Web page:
Monday, January 16, 2017

Life Turns on a Dime Part Five

 Image result for virginia princeFor me these were the days shortly after Virginia Prince and her Transvestia publication burst upon the scene. I was still amazed others in the world felt the same way I did. So, I ordered several issues of Transvestia and discovered a group of hetero sexual transvestites who held mixers through out the country. The closest to me was a very drive able Cleveland, Ohio so I paid my dues and headed to my first of several mixers.  

From those mixers I learned several important lessons including a much closer chapter forming in much closer Columbus, Ohio. 
Other lessons learned were some there were hetero questioning or as I called them "admirers in drag" cross dressers, and even a few who were on their way to perhaps a stealth (SRS) transsexual full time existence as a woman.
What Virginia never wrote about though was the difference internally was between a male who could pass as a female and one who had a feminine soul. So I know Virginia and others considered her a transgender pioneer but I am one of those who is not so sure.
I also discovered a very distinct social system as distinct as the one high school girls had. Very quickly I called them the "A" listers  because of their "mean girl" style social clique. You definitely had to look a certain way to be invited into the group. Which of course I didn't. However, these also were the ones who left the motel/hotel to go party elsewhere later in the evening. Later on I would attach the "trans-nazi" label to them but still tagged along-invited or not.
Other notable exceptions to the norm were the guys in their fancy dresses and smoking cigars as if to not let too much of their male self go.
Two dimes were dropped on me during these mixers in Cleveland. One, was an invite to join the group in Columbus and the other thanks to a free makeover at a mixer.
I pulled up my big girl panties and let a makeup artist take all my war paint off and start over. The results were startling. I was even invited to go along with the "A" listers without having to invite myself. Most importantly though as the night was beginning to wind down (right in front of all of them, a guy who seemed real nice invited me to stay over for a drink. I often wondered what would have happened had I said yes?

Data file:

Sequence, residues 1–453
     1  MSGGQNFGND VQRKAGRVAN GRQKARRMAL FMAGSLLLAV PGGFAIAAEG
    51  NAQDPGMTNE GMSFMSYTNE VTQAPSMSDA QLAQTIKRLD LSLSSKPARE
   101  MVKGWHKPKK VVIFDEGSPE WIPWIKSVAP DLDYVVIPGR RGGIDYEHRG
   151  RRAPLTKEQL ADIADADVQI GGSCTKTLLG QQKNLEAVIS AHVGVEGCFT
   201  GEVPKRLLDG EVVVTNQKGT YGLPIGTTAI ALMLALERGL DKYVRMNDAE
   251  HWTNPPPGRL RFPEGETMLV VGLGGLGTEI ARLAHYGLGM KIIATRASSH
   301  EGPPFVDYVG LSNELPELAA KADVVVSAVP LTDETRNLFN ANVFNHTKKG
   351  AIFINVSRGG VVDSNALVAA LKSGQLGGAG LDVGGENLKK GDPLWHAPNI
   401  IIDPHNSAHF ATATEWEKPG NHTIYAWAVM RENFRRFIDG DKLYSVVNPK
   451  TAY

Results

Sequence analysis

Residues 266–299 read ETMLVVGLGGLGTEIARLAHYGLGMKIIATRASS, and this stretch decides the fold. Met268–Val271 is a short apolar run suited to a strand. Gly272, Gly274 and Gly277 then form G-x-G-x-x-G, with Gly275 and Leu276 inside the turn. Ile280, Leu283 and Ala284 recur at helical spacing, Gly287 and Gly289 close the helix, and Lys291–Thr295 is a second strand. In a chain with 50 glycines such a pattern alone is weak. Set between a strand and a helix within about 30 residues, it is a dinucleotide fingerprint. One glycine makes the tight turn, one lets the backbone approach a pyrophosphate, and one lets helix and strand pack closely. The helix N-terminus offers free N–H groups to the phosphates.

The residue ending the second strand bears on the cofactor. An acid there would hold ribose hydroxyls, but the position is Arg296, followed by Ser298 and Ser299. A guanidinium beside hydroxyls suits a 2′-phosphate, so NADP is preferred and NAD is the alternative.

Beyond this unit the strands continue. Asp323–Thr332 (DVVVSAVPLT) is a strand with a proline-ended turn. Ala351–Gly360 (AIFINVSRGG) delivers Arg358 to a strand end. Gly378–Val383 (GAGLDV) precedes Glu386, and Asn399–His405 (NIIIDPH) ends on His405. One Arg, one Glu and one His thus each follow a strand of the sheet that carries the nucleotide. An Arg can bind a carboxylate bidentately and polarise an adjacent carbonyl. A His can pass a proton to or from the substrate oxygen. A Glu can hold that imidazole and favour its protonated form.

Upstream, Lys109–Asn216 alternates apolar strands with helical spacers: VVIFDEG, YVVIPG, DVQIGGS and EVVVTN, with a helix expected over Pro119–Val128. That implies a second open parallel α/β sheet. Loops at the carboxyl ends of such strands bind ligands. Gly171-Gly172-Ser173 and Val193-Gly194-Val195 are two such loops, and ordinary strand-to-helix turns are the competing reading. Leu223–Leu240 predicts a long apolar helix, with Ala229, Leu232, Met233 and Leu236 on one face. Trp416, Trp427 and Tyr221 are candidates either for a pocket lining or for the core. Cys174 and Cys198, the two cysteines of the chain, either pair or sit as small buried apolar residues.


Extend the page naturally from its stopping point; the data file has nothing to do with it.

As promised though, I discovered an even smaller incredibly diverse group to learn from in Columbus as time marched ever forward.
Coming up next, German Village.

A Taste of Ivory

Ivory Aquino never thought there would be roles for a transgender girl from the Philippines, so she was prepared to give up on her childhood dream of being an actor.
“I didn’t feel at that time that there were any roles I could do,” Aquino tells PEOPLE exclusively about her despair.
So, with acting seemingly out of the question, Aquino decided to try her hand at becoming a singer.
“With androgynous figures like David Bowie, I thought I could do music without thinking about gender,” she says in the upcoming issue of PEOPLE, on newsstands Friday.
But after moving to the U.S. in her teens, and undergoing her gender confirmation surgery out of the country at age 26, Aquino had a revelation.
“My outsides finally felt like my insides,” she says. “The first thought that came to mind was, ‘I can act again!’ ”
Aquino, who stars as the trans activist Cecilia Chung in the ABC mini series, is still in the beginning of her acting career.
For more, go here.

Sunday, January 15, 2017

Life Turns on a Dime, Part Four

I call this time in the mid 1980's my validation time.

I was still struggling with the fact that dressing trashy versus classy was not the way to  go and teasing truckers on the interstate with a hiked up skirt was not going to work.  Plus I still couldn't get it through my thick noggin why it wouldn't.

Very basically a cross dresser dresses for what a man wants to see and a transgender woman (in order to survive in the world) must take into consideration what women want to see too.

After yet another viscous fight between my wife and I, she said "You make a terrible woman." Of course I was devastated!  All  the work shaving my legs and mirror worship just couldn't be wrong. Then she said, "I'm not referring to the way you look. I am referring to the way you act and think."

You would have thought even I would begin to get through my thick noggin what she was talking about and for once I was getting a glimmer of hope. On my trips out cross dressed, I was beginning to notice more of the world around me. About this time too, my wife would even go out with me to dinner in Columbus. So if I didn't "dress like a slut" (as she put it) I would have even more chances to live as a woman. The more I lived it-the more I loved it.

About this time was when transgender began to creep into the public's vocabulary replacing the all encompassing transvestites or transsexuals on either end of the spectrum. I began to think-could transgender be me?

Shortly we moved back up towards Columbus, Ohio and I became involved with one of the most diverse groups within a group I had ever seen or been involved with.

I was about to find another dime and have a real idea what validation really meant.

A Life in Gender Flux